A measles outbreak in Zimbabwe has now killed nearly 700 children, in a “deeply worrying” rapid acceleration of the highly contagious disease.
Health officials said so telegraph they were alarmed by both the speed of the spread and the high death rate of the outbreak, which has seen the recent death toll rise by dozens every day.
The emergence of one of the world’s most infectious diseases has taken hold among church congregations that have rejected vaccinations on religious grounds.
Deaths had reached 698 by September 4, according to the nation’s health ministry, up from less than a quarter a fortnight earlier. Officials reported that 37 children died on September 1 alone.
The outbreak is believed to be the worst for some time in the southern African nation of 15 million. The last outbreak 11 years ago was much less severe, health sources said telegraph.
Unicef said that in the worst-hit eastern province of Manicaland, nearly one in 10 of those with the disease were dying. This rate is higher than in other recent African outbreaks.
The UN body said it was “deeply concerned about the number of cases and deaths among children due to an outbreak of measles in Zimbabwe”.
Cases first emerged in April and since then the virus has spread rapidly among congregations in Zimbabwe’s Apostolic churches, which have long rejected vaccinations and modern medicine.
Faith healers and anti-vaxxers
Dr. Johannes Marisa, president of the Association of Private Doctors and Dentists of Zimbabwe, told The Associated Press that the government may have to force children to get vaccinated.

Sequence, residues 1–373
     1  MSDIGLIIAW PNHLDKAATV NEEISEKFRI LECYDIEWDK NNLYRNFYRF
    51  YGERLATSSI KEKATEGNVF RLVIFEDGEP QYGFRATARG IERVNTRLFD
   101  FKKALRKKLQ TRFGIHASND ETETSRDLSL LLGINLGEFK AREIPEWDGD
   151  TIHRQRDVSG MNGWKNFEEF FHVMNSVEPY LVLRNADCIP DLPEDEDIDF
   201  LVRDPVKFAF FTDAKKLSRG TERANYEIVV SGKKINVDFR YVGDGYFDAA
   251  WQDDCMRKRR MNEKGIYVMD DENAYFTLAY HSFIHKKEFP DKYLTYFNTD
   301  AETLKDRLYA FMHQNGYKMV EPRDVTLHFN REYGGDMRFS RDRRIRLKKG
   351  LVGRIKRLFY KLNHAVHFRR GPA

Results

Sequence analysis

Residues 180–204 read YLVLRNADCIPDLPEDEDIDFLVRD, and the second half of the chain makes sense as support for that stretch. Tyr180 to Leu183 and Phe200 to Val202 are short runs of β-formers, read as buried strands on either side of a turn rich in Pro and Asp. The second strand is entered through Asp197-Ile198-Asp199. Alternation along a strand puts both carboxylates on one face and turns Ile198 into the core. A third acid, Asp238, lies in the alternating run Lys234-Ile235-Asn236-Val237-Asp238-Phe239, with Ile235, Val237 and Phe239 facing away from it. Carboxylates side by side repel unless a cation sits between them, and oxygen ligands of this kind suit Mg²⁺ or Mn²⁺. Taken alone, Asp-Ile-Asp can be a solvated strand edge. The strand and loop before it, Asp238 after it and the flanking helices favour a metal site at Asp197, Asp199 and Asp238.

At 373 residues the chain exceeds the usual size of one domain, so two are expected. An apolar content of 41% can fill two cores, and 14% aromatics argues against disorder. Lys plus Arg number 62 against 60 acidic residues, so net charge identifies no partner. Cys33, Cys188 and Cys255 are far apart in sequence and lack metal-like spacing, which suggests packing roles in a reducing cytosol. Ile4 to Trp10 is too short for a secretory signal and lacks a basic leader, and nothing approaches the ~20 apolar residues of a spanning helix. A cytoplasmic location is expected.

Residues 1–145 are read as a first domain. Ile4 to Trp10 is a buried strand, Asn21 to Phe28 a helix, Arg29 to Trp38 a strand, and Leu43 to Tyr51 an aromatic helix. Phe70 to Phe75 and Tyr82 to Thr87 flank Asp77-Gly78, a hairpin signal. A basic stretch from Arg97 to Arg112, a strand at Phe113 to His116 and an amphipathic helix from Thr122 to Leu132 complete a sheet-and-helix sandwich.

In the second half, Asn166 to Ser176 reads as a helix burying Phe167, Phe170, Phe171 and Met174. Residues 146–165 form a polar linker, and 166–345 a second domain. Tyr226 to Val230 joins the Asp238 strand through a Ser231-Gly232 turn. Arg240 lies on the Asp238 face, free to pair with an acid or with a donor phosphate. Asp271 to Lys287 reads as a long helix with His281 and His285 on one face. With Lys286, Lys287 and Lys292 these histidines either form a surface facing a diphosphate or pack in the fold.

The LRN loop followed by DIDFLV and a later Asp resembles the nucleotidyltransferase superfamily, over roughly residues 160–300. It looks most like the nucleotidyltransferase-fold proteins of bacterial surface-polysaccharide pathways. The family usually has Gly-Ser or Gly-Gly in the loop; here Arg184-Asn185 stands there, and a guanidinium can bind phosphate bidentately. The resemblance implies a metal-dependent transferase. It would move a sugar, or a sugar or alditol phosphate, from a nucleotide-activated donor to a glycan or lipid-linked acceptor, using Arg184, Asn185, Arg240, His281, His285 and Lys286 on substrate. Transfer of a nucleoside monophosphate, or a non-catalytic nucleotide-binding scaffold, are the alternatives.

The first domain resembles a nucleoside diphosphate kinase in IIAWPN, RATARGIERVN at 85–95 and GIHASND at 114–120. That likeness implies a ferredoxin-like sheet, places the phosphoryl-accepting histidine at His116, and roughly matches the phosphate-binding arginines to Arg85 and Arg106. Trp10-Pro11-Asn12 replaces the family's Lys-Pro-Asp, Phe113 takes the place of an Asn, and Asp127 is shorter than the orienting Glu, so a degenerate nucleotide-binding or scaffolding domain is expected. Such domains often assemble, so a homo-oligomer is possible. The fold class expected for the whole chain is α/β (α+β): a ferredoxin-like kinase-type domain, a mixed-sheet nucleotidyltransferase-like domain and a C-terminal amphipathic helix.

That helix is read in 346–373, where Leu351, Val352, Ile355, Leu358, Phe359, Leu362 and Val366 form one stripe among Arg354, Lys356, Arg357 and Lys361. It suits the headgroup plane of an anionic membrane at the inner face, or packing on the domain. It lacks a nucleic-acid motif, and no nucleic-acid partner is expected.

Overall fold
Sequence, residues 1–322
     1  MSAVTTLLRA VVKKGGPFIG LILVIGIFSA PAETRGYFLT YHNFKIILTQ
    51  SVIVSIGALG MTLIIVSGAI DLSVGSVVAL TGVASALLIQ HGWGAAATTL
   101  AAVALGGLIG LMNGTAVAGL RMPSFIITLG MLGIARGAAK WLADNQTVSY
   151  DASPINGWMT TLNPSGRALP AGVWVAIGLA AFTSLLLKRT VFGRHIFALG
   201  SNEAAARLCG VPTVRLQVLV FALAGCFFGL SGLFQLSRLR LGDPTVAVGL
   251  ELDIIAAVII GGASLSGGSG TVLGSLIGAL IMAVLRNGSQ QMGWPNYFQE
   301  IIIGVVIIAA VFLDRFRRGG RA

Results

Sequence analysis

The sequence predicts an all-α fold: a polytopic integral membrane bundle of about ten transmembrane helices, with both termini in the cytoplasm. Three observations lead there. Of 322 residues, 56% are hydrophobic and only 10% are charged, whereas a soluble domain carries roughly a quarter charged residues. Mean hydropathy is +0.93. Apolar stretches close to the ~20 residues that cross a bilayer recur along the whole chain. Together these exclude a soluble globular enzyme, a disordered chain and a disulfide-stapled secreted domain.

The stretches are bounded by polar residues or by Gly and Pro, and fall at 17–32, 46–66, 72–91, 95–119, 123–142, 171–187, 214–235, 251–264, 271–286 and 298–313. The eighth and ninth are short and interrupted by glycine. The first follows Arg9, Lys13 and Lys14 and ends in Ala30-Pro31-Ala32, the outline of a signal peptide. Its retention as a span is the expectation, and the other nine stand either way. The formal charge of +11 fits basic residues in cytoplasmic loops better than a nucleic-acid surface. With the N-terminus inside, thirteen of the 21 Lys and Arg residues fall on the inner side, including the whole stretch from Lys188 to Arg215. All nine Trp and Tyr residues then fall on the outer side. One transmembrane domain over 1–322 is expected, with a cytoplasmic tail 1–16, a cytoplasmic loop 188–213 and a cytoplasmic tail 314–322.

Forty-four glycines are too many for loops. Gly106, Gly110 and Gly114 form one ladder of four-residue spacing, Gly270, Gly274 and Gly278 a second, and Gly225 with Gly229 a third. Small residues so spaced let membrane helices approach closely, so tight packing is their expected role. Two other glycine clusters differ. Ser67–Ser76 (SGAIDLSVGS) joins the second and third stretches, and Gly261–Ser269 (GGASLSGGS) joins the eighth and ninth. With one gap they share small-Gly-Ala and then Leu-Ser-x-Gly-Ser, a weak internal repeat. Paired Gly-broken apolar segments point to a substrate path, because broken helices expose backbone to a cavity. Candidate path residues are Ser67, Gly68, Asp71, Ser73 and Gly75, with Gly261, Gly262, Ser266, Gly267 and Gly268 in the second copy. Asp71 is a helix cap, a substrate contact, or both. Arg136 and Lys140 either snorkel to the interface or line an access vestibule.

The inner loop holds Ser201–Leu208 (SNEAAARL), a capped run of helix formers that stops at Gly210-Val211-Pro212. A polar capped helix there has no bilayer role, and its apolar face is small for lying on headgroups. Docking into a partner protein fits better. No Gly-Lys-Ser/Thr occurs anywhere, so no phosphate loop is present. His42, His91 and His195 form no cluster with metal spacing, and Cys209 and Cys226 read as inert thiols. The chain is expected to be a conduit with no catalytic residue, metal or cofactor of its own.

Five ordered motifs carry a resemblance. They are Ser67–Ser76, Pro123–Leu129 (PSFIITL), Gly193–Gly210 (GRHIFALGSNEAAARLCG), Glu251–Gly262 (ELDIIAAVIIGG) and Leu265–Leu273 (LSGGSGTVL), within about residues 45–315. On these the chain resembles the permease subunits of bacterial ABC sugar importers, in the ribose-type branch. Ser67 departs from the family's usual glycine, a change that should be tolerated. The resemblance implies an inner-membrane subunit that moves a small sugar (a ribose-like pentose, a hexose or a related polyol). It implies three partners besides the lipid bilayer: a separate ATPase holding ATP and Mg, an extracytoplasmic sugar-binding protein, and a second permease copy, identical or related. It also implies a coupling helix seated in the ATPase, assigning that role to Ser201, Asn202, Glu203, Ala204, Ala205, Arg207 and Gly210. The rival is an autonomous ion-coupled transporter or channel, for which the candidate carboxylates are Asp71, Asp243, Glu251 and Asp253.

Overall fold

He said: “Because of resistance, education may not be enough, so the government should also consider using coercive measures to ensure that no one can refuse to vaccinate their children.”
He urged the government to “consider enacting legislation to make vaccination against killer diseases such as measles compulsory”.
Zimbabwe’s cabinet has already invoked a law used to respond to disasters to deal with the outbreak and launched a mass vaccination campaign, which will target two million children under the age of five. Nationally, the vaccination rate was around 85 percent in 2020, down from previous years when it sometimes reached 95 percent.
The country’s apostolic churches or sects are believed to be followed by about one in five of the population. Their teachings regularly include a potent mix of opposition to Western medicine and belief in faith and prayer healing, meaning the congregations have become a bastion of anti-vaccination sentiment.
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